North Korea fired at least two suspected ballistic missiles Sunday from near a site that a few days ago it tested a new solid-fuel rocket engine that could enhance its ability to launch quick-strike, longer-range missiles for delivering nuclear warheads.
Two ballistic missiles were launched between 11:13 a.m. and 12:05 p.m. from the Tongchang county area, South Korea's Joint Chiefs of Staff said. Japan's Defense Ministry said the projectiles traveled a distance of about 500 kilometers (310 miles), reached an altitude of about 550 km and landed outside of the country's exclusive economic zone.
Further details were not immediately available and it was uncertain whether North Korea used the new engine in the missiles it fired. The initial details released on the flight paths would be consistent with a longer-range ballistic missile.
Solid-fuel missiles are quick to deploy and can be easier to hide, giving the US and its allies less time to see signs of a launch and prepare interceptors. North Korean leader Kim Jong Un has been modernising his arsenal over the past several years, and has rolled out new, nuclear-capable, short-range ballistic missiles that can hit US military bases in all of South Korea and parts of Japan.
The new solid-fuel engine could be used for the country's Pukguksong series of submarine-launched ballistic missiles "- a two-stage, nuclear-capable rocket that has a range to hit all of Japan. It could also be used for longer-range projectiles, including possible intercontinental ballistic ones that could deliver a nuclear warhead to the US mainland.
This year, Kim Jong Un's regime has already fired off more than 65 ballistic missiles, the most in his decade in power and in defiance of United Nations resolutions that prohibit the launches. He has stepped up provocations in recent months in a display of anger at joint military drills in the region by the US and its allies South Korea and Japan.
Kim was on hand to oversee the test of the solid-fuel rocket engine, state media said Friday. "This important test has provided a sure sci-tech guarantee for the development of another new-type strategic weapon system," the official Korean Central News Agency reported.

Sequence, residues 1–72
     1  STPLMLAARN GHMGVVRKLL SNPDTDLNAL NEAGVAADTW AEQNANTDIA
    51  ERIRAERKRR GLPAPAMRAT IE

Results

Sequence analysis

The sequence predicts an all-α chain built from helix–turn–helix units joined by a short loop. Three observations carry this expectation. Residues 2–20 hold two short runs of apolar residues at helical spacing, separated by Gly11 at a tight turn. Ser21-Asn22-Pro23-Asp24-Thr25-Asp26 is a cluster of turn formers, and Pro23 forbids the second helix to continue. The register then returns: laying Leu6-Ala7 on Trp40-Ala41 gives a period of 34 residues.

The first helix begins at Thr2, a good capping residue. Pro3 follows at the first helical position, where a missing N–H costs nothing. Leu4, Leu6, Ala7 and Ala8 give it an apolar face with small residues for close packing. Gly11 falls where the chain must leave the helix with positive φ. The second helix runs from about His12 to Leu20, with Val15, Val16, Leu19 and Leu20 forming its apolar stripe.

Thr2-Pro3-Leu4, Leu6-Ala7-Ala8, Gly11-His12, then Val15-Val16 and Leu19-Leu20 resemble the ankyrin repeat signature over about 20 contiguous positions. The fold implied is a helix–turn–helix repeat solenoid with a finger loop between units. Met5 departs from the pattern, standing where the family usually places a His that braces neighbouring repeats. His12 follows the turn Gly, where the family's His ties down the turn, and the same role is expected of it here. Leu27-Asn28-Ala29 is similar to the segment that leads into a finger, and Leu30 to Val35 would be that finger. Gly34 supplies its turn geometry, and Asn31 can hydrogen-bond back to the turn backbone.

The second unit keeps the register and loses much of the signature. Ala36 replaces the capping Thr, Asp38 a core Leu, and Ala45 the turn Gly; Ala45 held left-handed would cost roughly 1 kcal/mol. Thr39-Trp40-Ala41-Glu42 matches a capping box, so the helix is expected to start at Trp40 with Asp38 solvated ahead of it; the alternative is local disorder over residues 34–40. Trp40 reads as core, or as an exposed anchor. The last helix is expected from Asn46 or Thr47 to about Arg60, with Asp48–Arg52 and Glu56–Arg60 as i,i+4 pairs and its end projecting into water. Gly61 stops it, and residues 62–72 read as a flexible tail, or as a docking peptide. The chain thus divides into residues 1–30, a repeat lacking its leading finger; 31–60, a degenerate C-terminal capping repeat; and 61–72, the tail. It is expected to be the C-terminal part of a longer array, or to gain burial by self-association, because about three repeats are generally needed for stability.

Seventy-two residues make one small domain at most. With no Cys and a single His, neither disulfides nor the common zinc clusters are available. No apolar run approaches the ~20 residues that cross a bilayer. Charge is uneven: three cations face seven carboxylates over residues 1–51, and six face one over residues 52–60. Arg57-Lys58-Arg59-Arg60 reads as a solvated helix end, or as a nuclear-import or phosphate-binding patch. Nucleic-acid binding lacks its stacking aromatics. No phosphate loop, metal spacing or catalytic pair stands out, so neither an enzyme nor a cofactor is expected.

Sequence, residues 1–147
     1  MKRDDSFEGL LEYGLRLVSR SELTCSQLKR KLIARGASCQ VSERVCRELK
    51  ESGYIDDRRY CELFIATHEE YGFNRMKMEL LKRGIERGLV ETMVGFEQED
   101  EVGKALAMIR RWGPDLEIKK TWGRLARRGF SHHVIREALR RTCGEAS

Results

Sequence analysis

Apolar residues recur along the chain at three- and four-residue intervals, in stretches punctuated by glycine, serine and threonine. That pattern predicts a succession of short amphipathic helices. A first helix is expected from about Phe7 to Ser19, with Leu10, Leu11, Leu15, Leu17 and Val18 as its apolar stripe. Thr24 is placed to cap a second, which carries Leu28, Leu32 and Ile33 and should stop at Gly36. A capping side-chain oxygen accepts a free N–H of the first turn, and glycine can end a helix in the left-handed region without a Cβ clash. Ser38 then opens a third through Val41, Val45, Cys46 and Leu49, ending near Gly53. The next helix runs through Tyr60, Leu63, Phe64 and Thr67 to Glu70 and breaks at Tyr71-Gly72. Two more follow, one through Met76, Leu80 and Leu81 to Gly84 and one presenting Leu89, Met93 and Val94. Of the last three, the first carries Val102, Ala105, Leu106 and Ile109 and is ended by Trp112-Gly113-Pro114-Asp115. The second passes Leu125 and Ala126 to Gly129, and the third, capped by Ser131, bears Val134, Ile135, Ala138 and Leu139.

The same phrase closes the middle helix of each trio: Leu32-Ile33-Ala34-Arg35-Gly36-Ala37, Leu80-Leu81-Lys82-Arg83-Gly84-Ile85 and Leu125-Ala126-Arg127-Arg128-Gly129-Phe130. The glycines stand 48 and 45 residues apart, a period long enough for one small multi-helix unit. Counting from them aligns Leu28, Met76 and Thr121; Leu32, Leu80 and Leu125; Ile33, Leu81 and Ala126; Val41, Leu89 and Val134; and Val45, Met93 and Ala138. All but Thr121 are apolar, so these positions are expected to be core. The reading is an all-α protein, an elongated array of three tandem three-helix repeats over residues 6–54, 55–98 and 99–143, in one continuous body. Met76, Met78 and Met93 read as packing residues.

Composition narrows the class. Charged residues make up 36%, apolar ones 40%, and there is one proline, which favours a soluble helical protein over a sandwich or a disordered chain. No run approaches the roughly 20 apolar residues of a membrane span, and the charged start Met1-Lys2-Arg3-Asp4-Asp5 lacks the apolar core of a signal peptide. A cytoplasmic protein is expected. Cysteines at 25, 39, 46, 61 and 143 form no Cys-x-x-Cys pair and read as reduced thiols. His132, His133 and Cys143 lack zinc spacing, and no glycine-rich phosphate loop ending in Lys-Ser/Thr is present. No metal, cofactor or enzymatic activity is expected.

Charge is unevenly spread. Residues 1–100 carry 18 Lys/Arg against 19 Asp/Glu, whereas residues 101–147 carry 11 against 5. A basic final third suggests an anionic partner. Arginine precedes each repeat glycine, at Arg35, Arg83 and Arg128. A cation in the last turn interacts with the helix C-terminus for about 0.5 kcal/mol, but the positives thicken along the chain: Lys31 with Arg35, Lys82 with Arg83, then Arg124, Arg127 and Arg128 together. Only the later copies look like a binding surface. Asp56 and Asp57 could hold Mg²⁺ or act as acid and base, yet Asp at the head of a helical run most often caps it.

The missile tests underscore the challenges the Biden administration faces in trying to slow down Kim's nuclear ambitions. The North Korean leader is finding space to ramp up provocations and conduct tit-for-tat military moves against the US and its allies as Biden focuses on Russia's war in Ukraine.
North Korea on Nov. 18 test-fired an intercontinental ballistic missile designed to carry a nuclear warhead to the US mainland. Kim's daughter made her first official appearance in state media at the launch, signaling there's another generation to take over the Cold War's last continuous family dynasty and it will depend on nuclear weapons for its survival.
The North Korean leader has been modernizing his arsenal by adding missiles that are quicker to deploy, maneuverable in flight and more difficult for US-operated interceptors in the region to shoot down.
The US, Japan and South Korea have warned that Pyongyang could soon raise tensions even higher with a nuclear test, which would be its first in five years and seventh overall. Washington, Tokyo and Seoul have all promised a harsh and coordinated punishment it Pyongyang goes ahead with a nuclear test, which would also be a violation of UN Security Council resolutions.